If you do decide to plant Star of Bethlehem, the best time to do so is in the fall. Plant your flower bulbs about two inches apart at a depth of five inches to the bulb’s base.
Unless you are planting in a container, a good way to address this plant’s semi-invasive nature is to plant the bulbs in an area that is lined and edged so the bulbs can’t spread outside of the beds. You should also deadhead the flowers before seeds develop so that the plant does not waste energy on seed development versus flower development.
Otherwise, growing Star of Bethlehem is relatively easy. It just needs fertile soil! You can divide bulbs to propagate it easily once you’re’ ready to do so.
Star of Bethlehem is relatively drought-tolerant. It prefers moist (but not muddy) soil whenever possible. Once established, you will not need to water it besides what is provided via regular rainfall.
Star of Bethlehem can be grown in any soil type, from neutral to acidic and even alkaline.
Depending on many different kinds of flowers that you are growing, you may not have to pay much attention to the sunlight. Full sun is recommended, but it can generally grow anywhere.
The exception to this is if you want to see open blossoms, in which case you will want to only grow Star of Bethlehem in full sunlight. The plant will thrive and grow well in shadier conditions but the blossoms may not open as often if sunlight is not present.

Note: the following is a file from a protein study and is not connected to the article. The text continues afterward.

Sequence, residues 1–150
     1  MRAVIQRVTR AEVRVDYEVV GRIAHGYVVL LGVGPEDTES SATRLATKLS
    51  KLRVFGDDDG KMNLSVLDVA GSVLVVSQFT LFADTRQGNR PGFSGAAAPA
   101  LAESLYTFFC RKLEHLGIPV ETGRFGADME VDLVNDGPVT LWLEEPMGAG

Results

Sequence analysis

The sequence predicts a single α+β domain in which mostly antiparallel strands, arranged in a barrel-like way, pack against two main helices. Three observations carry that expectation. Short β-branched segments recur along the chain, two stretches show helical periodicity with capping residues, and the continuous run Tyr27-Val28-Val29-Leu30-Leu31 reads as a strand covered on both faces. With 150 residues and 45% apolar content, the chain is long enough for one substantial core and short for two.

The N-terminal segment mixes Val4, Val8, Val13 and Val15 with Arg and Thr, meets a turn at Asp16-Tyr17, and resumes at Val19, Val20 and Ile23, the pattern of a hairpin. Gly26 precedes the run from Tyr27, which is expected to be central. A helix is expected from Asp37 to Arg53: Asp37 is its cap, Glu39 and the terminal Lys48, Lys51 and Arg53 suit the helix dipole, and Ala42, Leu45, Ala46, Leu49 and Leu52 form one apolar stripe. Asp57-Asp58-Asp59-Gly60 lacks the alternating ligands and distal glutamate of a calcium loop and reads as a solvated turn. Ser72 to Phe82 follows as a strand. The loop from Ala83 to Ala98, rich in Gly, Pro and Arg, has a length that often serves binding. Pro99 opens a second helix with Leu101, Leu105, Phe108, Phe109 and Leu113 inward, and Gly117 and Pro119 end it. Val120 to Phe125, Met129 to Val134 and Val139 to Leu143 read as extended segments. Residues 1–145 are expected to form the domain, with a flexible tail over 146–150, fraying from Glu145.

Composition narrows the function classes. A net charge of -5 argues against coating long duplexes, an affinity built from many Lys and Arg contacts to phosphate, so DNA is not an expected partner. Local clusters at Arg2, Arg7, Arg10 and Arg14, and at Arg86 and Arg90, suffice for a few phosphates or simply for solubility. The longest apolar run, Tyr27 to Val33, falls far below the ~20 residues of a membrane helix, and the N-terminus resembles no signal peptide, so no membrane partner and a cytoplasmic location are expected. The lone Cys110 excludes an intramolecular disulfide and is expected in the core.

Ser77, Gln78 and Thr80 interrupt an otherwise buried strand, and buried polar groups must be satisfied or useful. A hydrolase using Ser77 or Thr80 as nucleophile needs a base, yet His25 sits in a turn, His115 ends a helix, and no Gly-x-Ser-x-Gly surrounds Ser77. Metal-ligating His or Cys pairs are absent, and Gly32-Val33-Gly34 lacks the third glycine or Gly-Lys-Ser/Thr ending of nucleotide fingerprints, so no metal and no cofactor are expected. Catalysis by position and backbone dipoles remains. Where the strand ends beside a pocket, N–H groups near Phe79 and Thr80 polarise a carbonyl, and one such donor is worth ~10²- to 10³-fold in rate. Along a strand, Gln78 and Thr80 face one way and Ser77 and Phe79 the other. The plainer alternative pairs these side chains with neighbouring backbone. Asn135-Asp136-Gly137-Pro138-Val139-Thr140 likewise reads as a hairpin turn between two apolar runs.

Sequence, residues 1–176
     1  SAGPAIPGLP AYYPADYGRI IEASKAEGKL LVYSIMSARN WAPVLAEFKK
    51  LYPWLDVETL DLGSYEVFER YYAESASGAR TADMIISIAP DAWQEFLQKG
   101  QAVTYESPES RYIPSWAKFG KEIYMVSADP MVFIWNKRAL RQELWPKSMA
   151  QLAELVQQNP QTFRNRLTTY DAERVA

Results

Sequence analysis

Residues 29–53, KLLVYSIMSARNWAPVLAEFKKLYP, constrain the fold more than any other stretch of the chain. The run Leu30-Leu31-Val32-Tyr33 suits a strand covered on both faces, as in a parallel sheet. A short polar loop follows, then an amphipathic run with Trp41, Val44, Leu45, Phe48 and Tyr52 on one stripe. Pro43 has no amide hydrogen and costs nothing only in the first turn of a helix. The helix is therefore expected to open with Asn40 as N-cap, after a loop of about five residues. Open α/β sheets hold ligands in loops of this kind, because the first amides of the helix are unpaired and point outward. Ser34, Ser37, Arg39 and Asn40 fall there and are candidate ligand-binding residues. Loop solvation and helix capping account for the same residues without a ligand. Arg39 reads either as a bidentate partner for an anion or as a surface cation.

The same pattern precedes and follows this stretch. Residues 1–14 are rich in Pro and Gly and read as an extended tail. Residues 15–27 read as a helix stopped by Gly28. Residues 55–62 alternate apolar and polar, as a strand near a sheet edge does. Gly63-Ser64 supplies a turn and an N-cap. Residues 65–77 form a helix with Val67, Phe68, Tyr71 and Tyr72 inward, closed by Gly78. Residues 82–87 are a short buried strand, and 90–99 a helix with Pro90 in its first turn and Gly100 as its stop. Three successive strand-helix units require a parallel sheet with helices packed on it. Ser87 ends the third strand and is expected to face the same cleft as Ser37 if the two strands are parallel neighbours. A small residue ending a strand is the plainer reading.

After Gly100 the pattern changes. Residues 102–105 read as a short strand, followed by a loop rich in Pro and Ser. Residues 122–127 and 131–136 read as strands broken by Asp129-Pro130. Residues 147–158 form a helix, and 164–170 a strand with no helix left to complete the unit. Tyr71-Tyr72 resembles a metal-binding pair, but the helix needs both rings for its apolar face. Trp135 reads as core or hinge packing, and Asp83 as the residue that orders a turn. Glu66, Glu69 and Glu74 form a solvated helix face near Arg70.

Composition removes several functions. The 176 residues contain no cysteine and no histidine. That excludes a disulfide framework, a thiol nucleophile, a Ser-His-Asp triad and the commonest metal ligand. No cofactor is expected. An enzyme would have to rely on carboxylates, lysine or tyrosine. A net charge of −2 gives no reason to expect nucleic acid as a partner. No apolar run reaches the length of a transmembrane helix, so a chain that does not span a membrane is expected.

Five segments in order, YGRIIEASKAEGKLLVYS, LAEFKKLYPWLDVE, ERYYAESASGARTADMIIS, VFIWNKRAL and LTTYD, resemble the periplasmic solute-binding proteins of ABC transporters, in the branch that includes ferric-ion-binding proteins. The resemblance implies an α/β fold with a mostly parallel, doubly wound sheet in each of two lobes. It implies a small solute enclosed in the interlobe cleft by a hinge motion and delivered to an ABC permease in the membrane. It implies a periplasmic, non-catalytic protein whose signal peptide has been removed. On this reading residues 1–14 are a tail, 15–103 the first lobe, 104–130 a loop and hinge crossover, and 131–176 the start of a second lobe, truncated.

Star of Betheleme is winter hardy to the United States Department of Agriculture Zone 3 as long as you mulch carefully to keep the bulbs warm during the winter. In zones 4 to 8, it can be grown without mulch, although mulching does not hurt.
Fertilizing and Pruning
Besides watering every now and then, there is very little you need to do to care for your Star of Bethlehem plant. In fact, fertilizing is not recommended, as it can cause the plant to spread too far. You also do not need to prune the plant, although you can remove the entire bug if it spreads too much and you find that you need to control its spread any further.
Some people believe that cutting back the plant will stop it from overtaking the rest of the garden, but this is not the case. To get rid of it, you will need to remove the entire flower bulb. Even herbicides won’t do the trick – you’ll have to fully remove hp lant.
Other Concerns for Star of Bethlehem
There are very few pests and diseases that are known to afflict Star of Bethlehem, which is one of the reasons why this plant can so easily become invasive.
However, it is important to note that this plant contains dangerous alkaloids that can be poisonous to animals and livestock, including cats and dogs. Be mindful of this and don’t plant the flower if you have pets that like to nibble!
That said, when used correctly, there are some people who are able to use this flower for medicinal purposes. Historically, Star of Bethlehem was used to treat coughs, strengthen cardiovascular functioning, and prevent infection. Other cultures have used the flower when boiled and eaten like potatoes.
Both the leaves and bulb can be harvested, but be cautious about using them before consulting with your doctor.
Up next: Star of Bethlehem Flower Meaning
*image by depositphotos.com/PeterFleming